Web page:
RE: Med Tech's as Histologists????
I am sure you are right. I was just struck by his comment that "If we can
hack our way through Microbiology, etc, histopathology is a piece of cake.
(It's all in the wrist, my dear.)" I felt he was stating that
histopathology was simply a matter of physical dexterity and not
particularly scientific. Anyone who has taken a course in histology in
college while working towards their degree knows that histology is
definitely as complicated as the other courses he mentioned.
From: Bryan Hewlett [mailto:firstname.lastname@example.org]
Sent: Tuesday, July 09, 2002 7:33 AM
To: Bartlett, Jeanine; 'Mike Kirby'; Histonet (E-mail)
Subject: Re: Med Tech's as Histologists????
I think that the point Mike was trying to make, was that Med Techs have the
necessary laboratory science background to learn histotechnology.
Basic training in all the medical laboratory sciences provides an invaluable
tool for further learning in one specialty.
As for becoming proficient, I agree with you that it will take more than
three months. How long depends upon the degree of proficiency!
As an even oooolder Med Tech than Mike(trained in the fifties) and about to
retire! I can tell you that even after all this time and several million
sections, I feel that I've just begun to get the 'hang' of it!!!
Bryan R. Hewlett ART, MLT
Hamilton Regional Laboratory Medicine Program
----- Original Message -----
From: "Bartlett, Jeanine"
To: "'Mike Kirby'" ; "Histonet (E-mail)"
Sent: Tuesday, July 09, 2002 6:26 AM
Subject: RE: Med Tech's as Histologists????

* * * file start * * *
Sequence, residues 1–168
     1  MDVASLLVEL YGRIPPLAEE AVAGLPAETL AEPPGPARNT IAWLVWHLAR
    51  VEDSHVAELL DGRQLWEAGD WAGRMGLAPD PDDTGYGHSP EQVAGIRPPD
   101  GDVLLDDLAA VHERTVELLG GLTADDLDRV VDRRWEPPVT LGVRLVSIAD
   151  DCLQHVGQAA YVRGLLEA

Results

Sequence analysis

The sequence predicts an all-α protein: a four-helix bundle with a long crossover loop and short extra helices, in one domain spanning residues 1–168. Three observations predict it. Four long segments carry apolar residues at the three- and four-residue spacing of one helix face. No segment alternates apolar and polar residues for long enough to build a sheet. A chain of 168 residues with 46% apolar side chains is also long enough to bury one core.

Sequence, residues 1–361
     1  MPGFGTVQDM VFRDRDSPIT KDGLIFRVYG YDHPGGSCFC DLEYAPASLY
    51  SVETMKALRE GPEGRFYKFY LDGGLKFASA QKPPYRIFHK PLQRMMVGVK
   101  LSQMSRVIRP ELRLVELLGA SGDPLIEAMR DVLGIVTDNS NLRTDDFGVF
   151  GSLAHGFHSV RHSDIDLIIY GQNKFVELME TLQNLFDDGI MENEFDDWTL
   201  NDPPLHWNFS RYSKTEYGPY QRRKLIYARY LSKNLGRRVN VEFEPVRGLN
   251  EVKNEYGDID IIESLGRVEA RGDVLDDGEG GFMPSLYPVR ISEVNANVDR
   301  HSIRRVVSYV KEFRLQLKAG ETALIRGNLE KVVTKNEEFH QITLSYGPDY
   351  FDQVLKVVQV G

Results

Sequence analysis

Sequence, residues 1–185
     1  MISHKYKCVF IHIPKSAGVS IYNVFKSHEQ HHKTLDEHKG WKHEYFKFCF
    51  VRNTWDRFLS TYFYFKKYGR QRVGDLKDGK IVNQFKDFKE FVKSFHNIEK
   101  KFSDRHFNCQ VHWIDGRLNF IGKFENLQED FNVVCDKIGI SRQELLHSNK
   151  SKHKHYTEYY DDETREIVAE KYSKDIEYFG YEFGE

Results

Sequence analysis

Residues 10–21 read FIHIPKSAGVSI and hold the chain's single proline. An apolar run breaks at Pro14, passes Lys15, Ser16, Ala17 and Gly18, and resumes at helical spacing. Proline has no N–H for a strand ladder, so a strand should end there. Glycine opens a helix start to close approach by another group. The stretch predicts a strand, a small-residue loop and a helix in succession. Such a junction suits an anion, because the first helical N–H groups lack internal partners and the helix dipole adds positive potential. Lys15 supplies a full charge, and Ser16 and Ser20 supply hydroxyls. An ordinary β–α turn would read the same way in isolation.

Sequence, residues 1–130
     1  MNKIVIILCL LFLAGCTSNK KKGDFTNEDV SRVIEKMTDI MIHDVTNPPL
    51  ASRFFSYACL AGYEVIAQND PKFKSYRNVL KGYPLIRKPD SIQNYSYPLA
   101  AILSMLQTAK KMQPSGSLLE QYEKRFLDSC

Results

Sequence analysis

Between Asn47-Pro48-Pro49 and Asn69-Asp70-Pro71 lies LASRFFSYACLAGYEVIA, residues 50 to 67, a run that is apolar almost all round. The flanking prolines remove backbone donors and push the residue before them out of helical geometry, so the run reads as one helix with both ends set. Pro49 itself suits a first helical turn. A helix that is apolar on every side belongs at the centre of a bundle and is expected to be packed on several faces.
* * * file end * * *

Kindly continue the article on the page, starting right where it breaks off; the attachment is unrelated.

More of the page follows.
> I agree that anyone with coordination can be taught to use a microtome.
> Some may master it faster than others but that's an individual thing. I
> also believe a Med Tech can be taught all of the intricacies of histology,
> but not in 3 months. That may be adequate for a rudimentary base of the
> science but certainly not enough to be a proficient histotechnologist.
> Understanding the chemistry of staining not to mention the theories of
> processing and immunohistochemistry are invaluable today. Anyone can
> a recipe but you have to have some knowledge of the chemistry of baking to
> know what to do when the baking powder doesn't work.
> Jeanine Bartlett, HT(ASCP)
> CDC, Atlanta
> -----Original Message-----
> From: Mike Kirby [mailto:email@example.com]
> Sent: Tuesday, July 09, 2002 3:18 AM
> To: Histonet (E-mail)
> Subject: Med Tech's as Histologists????
> The question asked was, "Are Med Techs good enough to be trained as
> Of course we are! We have all the Lab background that's required, and
> can learn to "slice & dice" in about three weeks flat.
> I did, because as a student, I was given three months to learn the
> techniques before we wrote our finals, and, except for tissue processing,
> did everything by hand!
> Ok, that was back in the sixties, (Yes, I am an ooooold Med Tech) and
> possibly one would need more time to master all the new
> special stains and immunohistology that you do now days, but the average
> Med Tech should be more than up to scratch.
> If we can hack our way through Microbiology, Biochemistry and
> Histopathology is a piece of cake.
> (It's all in the wrist, my dear!).
> Yours (from a lofty perch - and no doubt, soon to have his nose bloodied).
> Mike Kirby.
> South Africa.
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